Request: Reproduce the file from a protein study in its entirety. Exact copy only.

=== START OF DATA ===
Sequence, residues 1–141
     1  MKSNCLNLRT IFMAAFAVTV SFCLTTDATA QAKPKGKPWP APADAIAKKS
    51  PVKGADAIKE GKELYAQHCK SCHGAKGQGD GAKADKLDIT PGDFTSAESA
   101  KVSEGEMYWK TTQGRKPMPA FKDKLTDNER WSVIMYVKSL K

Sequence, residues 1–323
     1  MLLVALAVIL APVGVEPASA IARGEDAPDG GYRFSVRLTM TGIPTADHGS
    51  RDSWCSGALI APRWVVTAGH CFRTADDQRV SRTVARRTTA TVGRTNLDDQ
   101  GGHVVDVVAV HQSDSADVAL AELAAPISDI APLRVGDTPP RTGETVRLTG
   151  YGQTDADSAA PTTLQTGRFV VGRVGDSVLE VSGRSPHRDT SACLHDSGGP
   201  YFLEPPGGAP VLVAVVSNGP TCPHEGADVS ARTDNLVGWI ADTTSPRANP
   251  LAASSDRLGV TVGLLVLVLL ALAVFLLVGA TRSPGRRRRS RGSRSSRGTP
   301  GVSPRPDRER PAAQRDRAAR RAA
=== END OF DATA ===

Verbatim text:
Sequence, residues 1–141
     1  MKSNCLNLRT IFMAAFAVTV SFCLTTDATA QAKPKGKPWP APADAIAKKS
    51  PVKGADAIKE GKELYAQHCK SCHGAKGQGD GAKADKLDIT PGDFTSAESA
   101  KVSEGEMYWK TTQGRKPMPA FKDKLTDNER WSVIMYVKSL K

Sequence, residues 1–323
     1  MLLVALAVIL APVGVEPASA IARGEDAPDG GYRFSVRLTM TGIPTADHGS
    51  RDSWCSGALI APRWVVTAGH CFRTADDQRV SRTVARRTTA TVGRTNLDDQ
   101  GGHVVDVVAV HQSDSADVAL AELAAPISDI APLRVGDTPP RTGETVRLTG
   151  YGQTDADSAA PTTLQTGRFV VGRVGDSVLE VSGRSPHRDT SACLHDSGGP
   201  YFLEPPGGAP VLVAVVSNGP TCPHEGADVS ARTDNLVGWI ADTTSPRANP
   251  LAASSDRLGV TVGLLVLVLL ALAVFLLVGA TRSPGRRRRS RGSRSSRGTP
   301  GVSPRPDRER PAAQRDRAAR RAA